Umami: 5 Things To Know About This Mystery Flavor
As mysterious as it is delicious, umami is a particularly addictive flavor. That's why it's considered the culinary 7th heaven! Here are 5 things to know about this mystery flavor.
1- It is difficult to define
While we all know from an early age how to identify the 4 basic flavors of sweet, salty, sour and bitter, the umami is much more difficult to recognize and define.
In fact, it was not until the beginning of the 20th century that a Japanese researcher from the University of Tokyo identified this fifth flavor and named it 'umami', meaning 'delicious taste'!
2- It is not the prerogative of Japanese cuisine
Contrary to what its name might suggest, umami is not a flavor found exclusively in Japanese cuisine.
Certainly, it is often associated with glutamate-rich foods, such as seaweed, soy sauce and nuoc mam.
But it is not the exclusive preserve of Asian cuisine, as it is also found in our grandmothers' long-simmered meat dishes, aged cheeses, charcuterie, mushrooms and truffle oil!
Far from being exclusively Japanese, this fifth flavor is universal and universally appreciated because it is encountered from the beginning of life, in mother's milk! It is said to be the first flavor that a baby discovers when sucking on its mother's breast.
It is found in all the cuisines of the world, from Asia to the United States, through Italy and France. This is evidenced, for example, by the widespread use of Worcestershire sauce and ketchup so popular in Anglo-Saxon countries.
3- It is the taste of what is good
As its meaning in Japanese indicates, umami is a delicious taste.
Although it is fairly basic and neutral in itself (it can be defined as the taste of beef broth without salt), it acts as a flavor enhancer.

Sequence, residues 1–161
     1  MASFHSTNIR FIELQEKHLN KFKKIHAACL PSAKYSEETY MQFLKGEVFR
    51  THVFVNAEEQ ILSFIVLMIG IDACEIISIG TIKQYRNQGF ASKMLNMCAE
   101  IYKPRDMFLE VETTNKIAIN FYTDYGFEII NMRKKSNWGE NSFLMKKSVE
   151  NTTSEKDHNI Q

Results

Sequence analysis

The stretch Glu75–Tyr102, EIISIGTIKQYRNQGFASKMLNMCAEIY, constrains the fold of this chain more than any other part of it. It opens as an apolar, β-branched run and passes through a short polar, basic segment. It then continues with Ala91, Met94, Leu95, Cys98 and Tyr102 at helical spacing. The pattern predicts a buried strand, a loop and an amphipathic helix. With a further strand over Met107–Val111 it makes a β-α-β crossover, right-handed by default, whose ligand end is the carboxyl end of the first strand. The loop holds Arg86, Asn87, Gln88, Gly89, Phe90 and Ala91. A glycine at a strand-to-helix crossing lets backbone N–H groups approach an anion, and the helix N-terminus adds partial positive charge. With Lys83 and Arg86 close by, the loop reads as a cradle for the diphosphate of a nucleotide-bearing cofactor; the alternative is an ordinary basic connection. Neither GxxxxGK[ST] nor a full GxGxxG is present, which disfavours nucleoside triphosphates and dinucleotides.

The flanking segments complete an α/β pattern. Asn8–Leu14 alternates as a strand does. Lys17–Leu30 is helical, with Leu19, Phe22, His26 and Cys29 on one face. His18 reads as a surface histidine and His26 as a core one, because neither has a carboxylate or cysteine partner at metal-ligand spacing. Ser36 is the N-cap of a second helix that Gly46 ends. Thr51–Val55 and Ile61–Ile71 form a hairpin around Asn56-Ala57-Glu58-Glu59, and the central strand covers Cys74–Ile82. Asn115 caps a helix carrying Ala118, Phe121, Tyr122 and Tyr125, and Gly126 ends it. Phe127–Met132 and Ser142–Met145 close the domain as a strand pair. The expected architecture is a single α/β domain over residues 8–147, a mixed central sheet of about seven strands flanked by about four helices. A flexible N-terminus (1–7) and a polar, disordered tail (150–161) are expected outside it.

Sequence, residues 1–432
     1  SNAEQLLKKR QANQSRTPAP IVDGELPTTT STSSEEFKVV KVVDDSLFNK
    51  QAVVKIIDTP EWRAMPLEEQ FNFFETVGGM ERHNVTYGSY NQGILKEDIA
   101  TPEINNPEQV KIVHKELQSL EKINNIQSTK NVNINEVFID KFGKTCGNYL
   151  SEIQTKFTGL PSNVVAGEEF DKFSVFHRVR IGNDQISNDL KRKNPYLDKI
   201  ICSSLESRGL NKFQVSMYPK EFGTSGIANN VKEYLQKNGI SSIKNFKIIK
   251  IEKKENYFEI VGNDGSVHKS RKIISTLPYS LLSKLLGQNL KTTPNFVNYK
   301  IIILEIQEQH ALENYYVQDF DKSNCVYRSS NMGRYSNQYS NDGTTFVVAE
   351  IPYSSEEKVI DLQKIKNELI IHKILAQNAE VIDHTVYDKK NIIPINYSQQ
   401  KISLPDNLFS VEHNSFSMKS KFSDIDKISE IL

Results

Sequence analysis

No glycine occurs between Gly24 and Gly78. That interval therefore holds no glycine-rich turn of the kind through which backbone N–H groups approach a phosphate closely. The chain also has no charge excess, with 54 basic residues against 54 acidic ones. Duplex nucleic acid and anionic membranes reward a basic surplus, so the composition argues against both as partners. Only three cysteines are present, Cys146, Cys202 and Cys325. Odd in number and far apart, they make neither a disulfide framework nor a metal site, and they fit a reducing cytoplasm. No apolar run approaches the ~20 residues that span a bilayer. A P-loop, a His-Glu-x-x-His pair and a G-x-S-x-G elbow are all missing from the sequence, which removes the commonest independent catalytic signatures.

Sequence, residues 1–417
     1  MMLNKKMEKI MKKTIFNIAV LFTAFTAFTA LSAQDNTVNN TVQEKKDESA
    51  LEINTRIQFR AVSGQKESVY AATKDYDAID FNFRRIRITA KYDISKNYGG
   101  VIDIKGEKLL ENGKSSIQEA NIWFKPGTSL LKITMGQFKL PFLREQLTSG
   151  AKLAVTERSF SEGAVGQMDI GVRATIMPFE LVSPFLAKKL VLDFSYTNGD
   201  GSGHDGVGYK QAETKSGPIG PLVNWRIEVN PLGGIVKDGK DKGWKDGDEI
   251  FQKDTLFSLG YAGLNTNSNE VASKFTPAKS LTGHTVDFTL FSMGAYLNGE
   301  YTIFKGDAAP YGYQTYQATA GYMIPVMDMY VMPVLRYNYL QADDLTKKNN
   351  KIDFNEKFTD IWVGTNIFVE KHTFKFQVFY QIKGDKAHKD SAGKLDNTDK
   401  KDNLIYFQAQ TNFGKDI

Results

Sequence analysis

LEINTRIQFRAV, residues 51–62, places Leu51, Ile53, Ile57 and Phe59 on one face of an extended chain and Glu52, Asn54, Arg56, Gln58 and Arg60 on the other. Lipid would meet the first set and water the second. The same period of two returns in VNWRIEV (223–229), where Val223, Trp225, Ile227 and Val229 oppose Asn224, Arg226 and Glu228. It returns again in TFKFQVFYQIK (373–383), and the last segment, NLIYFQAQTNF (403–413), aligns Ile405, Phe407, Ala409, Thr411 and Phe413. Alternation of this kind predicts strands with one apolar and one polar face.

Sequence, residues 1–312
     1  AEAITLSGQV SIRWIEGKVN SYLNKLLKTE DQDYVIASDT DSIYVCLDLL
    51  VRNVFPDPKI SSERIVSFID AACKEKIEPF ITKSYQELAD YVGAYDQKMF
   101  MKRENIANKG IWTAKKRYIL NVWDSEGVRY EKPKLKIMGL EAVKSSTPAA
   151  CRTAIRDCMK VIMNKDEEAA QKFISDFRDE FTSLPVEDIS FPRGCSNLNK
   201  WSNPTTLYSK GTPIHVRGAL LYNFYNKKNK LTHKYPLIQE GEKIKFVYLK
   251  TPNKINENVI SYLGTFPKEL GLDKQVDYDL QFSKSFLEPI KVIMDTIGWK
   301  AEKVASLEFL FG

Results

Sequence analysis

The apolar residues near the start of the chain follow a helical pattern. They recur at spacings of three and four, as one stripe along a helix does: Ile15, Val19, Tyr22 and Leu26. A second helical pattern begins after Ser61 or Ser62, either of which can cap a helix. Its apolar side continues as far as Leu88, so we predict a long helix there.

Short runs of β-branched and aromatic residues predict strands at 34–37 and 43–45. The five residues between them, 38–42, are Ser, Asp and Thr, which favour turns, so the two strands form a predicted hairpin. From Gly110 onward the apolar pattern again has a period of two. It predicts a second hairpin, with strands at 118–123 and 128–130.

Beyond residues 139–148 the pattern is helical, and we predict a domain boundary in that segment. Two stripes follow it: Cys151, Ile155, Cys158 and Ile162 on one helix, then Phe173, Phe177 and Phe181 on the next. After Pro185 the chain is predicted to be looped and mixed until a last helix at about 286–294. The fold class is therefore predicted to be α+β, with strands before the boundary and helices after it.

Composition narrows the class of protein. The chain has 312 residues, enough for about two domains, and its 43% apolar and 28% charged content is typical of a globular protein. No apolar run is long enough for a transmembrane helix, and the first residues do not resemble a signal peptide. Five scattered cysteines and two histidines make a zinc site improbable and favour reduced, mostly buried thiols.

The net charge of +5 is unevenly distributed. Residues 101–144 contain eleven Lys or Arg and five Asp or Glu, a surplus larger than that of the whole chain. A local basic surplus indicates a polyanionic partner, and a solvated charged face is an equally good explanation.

It spreads in the mouth and stays on the tongue longer than the other 4 basic flavors. The sensation you get from its contact is addictive and makes you want to refill.
4- It is a culinary grail
Eighty years before a University of Tokyo chemist named this umami flavor, the cook Brillat-Savarin, a great theoretician of French gastronomy, had referred to it in his book Physiology of Taste as osmazome.
Although this word did not attract attention at the time, in 1825, it is indeed the same flavor that is today considered a culinary Holy Grail.
This flavor is notably present in dashi the Japanese broth that serves as a base for miso soup enhanced with seaweed and mushrooms as a bonus.
It is also what makes certain foods or dishes such as traditional Provençal daube, long simmered meats, salmon, anchovies and aged cheeses such as Parmesan, Roquefort and cheddar so delicious.
5- It's easy to add to your kitchen
Contrary to what you might think, it's not very complicated to put umami in your dishes.
All you need to do is use ingredients that are naturally rich in umami, such as mushrooms, ripe tomatoes or parmesan cheese (so it's easy to see why pizza is such a universally loved dish!).
To experiment with this fifth flavor, you can also cook with condiments that contain a lot of it like soy sauce, miso paste, oyster sauce, ketchup and nuoc mam. Enough to give all your dishes a little taste of homecoming!